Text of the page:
The Phillies Fire Their Manager, but Their Flaws Run Deeper
For Philadelphia fans disappointed by the 76ers, who followed years of N.B.A. failure with only muted success, the Phillies have a message: Hold my Yuengling.
This was supposed to be winning time at Citizens Bank Park, but on Friday the Phillies conceded the disaster their season has become and fired Manager Joe Girardi. The 76ers never make it very far in the N.B.A. postseason, but at least they get there. The Phillies seem headed for their 11th season in a row without making the playoffs, a stretch that includes just one winning record.
That was last season, and it just barely qualified, at 82-80. The team’s owner, John Middleton, reinvested in the roster by signing Nick Castellanos and Kyle Schwarber, pushing past the league’s luxury tax threshold for a club-record $228.7 million payroll, fourth highest in the majors.
Yet the Phillies were 22-29 when Dave Dombrowski, the president of baseball operations, fired Girardi Friday morning. Even the cross-state Pittsburgh Pirates, mired in a long rebuilding project with a meager $55.7 million payroll, had a better record.
“I think we’re better than what we’ve played,” Dombrowski said at a news conference in Philadelphia. “But to me, the most important part, if we’re going to turn this around, and I think we still have the capabilities to do it — I think we needed a different voice in the clubhouse.”
The Phillies appointed Girardi’s bench coach, Rob Thomson, to be the team’s interim manager for the rest of the season. Thomson, like Girardi, has deep roots in the Yankees organization and was part of the staff that beat the Phillies in the 2009 World Series. He will be the Phillies’ sixth manager during their postseason drought, which is the longest in the National League.
“There’s a number of reasons we didn’t win,” Girardi said Friday, in his weekly segment on MLB Network Radio. “We gave too many extra outs that probably cost us four or five games, maybe even more. At times, our bullpen struggled; we had some guys that I think have much better stuff than the potential that they’ve pitched to. And some guys got off to some slow starts offensively.
“And that happens, right? But I think you can overcome sometimes one thing, maybe even two. But sometimes when it’s more than that, it’s somewhat difficult.”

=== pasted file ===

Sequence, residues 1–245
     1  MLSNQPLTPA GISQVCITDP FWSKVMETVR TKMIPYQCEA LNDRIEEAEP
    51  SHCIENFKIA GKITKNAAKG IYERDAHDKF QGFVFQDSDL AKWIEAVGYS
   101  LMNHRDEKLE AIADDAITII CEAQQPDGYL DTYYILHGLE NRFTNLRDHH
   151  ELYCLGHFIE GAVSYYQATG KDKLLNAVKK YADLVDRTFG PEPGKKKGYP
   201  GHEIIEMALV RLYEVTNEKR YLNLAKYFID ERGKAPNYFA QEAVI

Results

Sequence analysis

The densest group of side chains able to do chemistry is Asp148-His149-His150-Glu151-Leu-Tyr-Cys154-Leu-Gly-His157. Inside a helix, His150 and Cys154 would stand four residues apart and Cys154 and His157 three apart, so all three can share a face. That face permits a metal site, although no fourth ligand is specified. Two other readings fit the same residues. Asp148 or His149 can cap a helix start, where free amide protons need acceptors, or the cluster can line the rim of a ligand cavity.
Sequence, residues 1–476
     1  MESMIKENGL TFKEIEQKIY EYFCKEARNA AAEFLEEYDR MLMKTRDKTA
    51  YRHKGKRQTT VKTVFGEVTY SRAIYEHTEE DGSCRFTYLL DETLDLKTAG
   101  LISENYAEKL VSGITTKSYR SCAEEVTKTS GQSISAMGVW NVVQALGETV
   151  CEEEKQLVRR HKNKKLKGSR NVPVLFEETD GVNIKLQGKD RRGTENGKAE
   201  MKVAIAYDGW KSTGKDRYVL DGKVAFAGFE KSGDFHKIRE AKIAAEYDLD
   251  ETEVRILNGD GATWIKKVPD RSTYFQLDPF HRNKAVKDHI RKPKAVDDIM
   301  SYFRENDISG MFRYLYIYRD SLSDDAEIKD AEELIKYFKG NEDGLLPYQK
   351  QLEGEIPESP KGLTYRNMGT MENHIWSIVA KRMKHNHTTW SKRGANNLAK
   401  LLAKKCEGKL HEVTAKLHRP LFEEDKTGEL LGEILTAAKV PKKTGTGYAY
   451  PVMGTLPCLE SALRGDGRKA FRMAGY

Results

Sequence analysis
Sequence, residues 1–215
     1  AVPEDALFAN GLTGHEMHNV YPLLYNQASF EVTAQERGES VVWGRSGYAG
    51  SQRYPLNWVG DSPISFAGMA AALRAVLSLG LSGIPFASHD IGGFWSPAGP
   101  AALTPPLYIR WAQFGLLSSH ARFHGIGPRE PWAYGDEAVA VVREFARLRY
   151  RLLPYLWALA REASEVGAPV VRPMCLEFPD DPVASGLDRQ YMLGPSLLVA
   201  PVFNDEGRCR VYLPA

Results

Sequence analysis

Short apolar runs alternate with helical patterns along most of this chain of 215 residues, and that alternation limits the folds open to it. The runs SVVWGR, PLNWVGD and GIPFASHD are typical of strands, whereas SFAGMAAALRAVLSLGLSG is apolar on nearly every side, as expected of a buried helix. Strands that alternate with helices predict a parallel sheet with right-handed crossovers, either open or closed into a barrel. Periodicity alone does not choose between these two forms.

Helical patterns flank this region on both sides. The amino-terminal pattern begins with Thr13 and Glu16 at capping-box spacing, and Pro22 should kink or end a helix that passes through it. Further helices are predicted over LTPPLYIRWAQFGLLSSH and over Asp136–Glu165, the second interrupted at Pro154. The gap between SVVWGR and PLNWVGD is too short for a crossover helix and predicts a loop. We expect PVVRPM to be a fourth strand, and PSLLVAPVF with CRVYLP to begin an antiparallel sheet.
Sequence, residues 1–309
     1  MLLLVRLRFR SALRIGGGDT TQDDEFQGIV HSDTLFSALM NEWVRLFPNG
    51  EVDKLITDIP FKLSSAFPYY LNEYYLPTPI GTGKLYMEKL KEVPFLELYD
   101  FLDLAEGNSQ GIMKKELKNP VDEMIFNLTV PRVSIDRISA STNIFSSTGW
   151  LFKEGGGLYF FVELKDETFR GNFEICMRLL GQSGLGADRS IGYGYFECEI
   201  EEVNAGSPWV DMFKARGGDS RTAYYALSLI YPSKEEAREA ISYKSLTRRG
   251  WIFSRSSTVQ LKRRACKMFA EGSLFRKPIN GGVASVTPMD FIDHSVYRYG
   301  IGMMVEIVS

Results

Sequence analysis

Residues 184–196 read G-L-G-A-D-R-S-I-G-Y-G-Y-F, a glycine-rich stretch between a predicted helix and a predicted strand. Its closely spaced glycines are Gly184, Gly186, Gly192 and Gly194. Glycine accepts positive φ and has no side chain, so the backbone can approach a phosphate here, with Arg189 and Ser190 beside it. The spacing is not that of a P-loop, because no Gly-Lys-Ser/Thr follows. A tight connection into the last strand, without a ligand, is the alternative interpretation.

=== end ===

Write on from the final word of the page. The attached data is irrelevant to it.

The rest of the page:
Somewhat is an understatement. Through 50 games, the Phillies ranked last in the majors in defensive runs saved, according to Sports Info Solutions. Through Thursday, their relievers had issued 93 walks in 180 innings, compared to 73 walks in 273 innings for their starters. And only one everyday player, Bryce Harper, had an on-base percentage of .325 or better.
The Phillies knew they would not have a strong defense but had hoped that a brawny offense could mask that deficiency. When they signed the slugging outfielders Castellanos (five years, $100 million) and Schwarber (four years, $79 million), they hoped to use the designated hitter spot to keep one or the other off the field for most games.
But a ligament tear in Harper’s right elbow has forced him to be a full-time D.H., and Castellanos and Schwarber have not hit enough to be much help. Several returning position players — Alec Bohm, Odubel Herrera, Rhys Hoskins, J.T. Realmuto — have been mediocre at best.
“I take responsibility when the club is playing this way; we all take responsibility,” Dombrowski said. “I think the players take responsibility, too. I know they’re not happy with what’s taken place. I do think we’re a better club than this.”
They should be, at least. When the core of their 2008 championship team crumbled, the Phillies planned to follow a modern blueprint for building a winner: They would weather some rough years and build a dynamic farm system, then promote top prospects and complement them with high-priced stars.
Along the way, they have fired General Manager Matt Klentak and the manager he hired, Gabe Kapler, replacing them with Dombrowski and Girardi, both well-known commodities with championship pedigrees. They were reassuring hires; by winning before, the thinking went, they would know how to do it again.
But the Phillies’ flaws ran deep. They held a top-10 pick in five consecutive drafts, from 2014 through 2018, and uncovered just one player, starter Aaron Nola, who has made a major impact. Dombrowski, who was hired in December 2020, overhauled the team’s player-development staff last September.
Harper and starter Zack Wheeler have been wise investments, and Realmuto — acquired from Miami in a trade, then signed to a long-term contract — has made two All-Star teams for the Phillies. But without a pipeline of cheap, young players who would get better with time, the Phillies have been forced to continue importing expensive veterans.
That is often a dubious strategy, because many players with enough service time to command high salaries have often already peaked. Older teams can win, as Girardi’s Yankees did in 2009. But that roster was packed with players worthy of Hall of Fame consideration; this Phillies roster is much weaker.
Girardi, then, could only do so much. His Yankees teams, collectively, had 200 more victories than losses — 910-710. But Girardi’s three Phillies teams went 132-141, a stressful and unfulfilling stay in a demanding sports town. As Girardi packed his office late Friday morning, Dombrowski said, Middleton and others sensed a shift in his mood.
“By the end, he was in a much more relieved state, I would say,” Dombrowski said. “The pressure was off his back.”